What the Great Ate: A Curious History of Food and Fame

By Matthew Jacob and Mark Jacob

From the publisher: In What the Great Ate, Matthew and Mark Jacob have cooked up a bountiful sampling of the peculiar culinary likes, dislikes, habits, and attitudes of famous—and often notorious—figures throughout history. Here is food

• As code: Benito Mussolini used the phrase “we’re making spaghetti” to inform his wife if he’d be (illegally) dueling later that day.
• As superstition: Baseball star Wade Boggs credited his on-field success to eating chicken before nearly every game.
• In service to country: President Thomas Jefferson, America’s original foodie, introduced eggplant to the United States and wrote down the nation’s first recipe for ice cream.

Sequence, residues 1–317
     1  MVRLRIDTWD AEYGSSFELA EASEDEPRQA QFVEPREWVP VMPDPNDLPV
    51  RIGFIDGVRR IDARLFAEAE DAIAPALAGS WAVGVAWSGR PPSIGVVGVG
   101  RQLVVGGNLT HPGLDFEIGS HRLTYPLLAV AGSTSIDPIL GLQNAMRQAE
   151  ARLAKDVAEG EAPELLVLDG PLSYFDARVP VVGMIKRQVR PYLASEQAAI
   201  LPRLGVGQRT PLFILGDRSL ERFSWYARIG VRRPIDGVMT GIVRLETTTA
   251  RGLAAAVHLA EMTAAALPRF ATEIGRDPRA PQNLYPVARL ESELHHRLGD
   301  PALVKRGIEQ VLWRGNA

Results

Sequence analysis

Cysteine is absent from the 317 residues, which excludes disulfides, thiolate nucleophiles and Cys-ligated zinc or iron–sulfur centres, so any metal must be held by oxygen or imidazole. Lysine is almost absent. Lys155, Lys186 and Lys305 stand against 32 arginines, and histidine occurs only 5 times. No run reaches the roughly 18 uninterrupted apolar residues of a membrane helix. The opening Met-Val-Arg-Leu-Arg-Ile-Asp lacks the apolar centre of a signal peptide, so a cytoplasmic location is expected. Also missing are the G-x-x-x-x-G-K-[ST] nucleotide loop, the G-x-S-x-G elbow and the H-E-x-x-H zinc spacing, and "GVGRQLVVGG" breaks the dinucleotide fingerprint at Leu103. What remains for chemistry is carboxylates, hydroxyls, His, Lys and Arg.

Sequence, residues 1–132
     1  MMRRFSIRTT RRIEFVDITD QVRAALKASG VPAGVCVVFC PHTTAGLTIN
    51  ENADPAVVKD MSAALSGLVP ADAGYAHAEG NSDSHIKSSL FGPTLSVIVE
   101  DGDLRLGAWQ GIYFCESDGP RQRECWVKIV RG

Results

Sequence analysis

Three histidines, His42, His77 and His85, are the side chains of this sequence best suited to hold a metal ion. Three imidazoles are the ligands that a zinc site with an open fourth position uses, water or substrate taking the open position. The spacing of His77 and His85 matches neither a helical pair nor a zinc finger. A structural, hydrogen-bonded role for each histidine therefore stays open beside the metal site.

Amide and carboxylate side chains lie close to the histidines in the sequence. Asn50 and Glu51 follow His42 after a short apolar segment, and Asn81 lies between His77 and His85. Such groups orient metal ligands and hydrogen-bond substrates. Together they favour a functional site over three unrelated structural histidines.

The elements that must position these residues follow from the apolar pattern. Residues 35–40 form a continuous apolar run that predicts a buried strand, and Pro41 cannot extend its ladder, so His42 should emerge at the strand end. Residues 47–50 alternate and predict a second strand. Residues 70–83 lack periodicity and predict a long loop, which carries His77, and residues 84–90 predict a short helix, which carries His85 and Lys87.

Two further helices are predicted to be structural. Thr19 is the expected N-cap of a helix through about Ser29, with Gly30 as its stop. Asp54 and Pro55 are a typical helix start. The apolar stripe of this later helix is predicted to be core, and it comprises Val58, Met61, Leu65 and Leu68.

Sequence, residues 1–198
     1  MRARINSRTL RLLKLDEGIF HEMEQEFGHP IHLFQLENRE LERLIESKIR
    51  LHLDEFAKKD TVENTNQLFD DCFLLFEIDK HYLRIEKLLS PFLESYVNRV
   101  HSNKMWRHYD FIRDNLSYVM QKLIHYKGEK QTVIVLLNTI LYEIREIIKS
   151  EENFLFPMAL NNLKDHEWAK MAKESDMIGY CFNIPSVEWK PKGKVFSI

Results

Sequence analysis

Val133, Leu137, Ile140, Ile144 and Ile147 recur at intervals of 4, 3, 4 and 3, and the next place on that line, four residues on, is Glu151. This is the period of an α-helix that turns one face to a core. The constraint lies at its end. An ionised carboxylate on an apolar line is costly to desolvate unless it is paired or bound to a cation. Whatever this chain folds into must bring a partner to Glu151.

From Emperor Nero to Bette Davis, Babe Ruth to Barack Obama, the bite-size tidbits in What the Great Ate will whet your appetite for tantalizing trivia.

Matthew Jacob began his career in journalism and later worked for several nonprofit organizations based in Washington, D.C. His op-ed columns have appeared in the Los Angeles Times, USA Today, CNet.com, the Boston Globe, and many other print and online media. Jacob writes food columns for the Huffington Post. He grew up in Arkansas, but he has lived in the Washington, D.C. area for more than 20 years.

Penguin Random House, 2010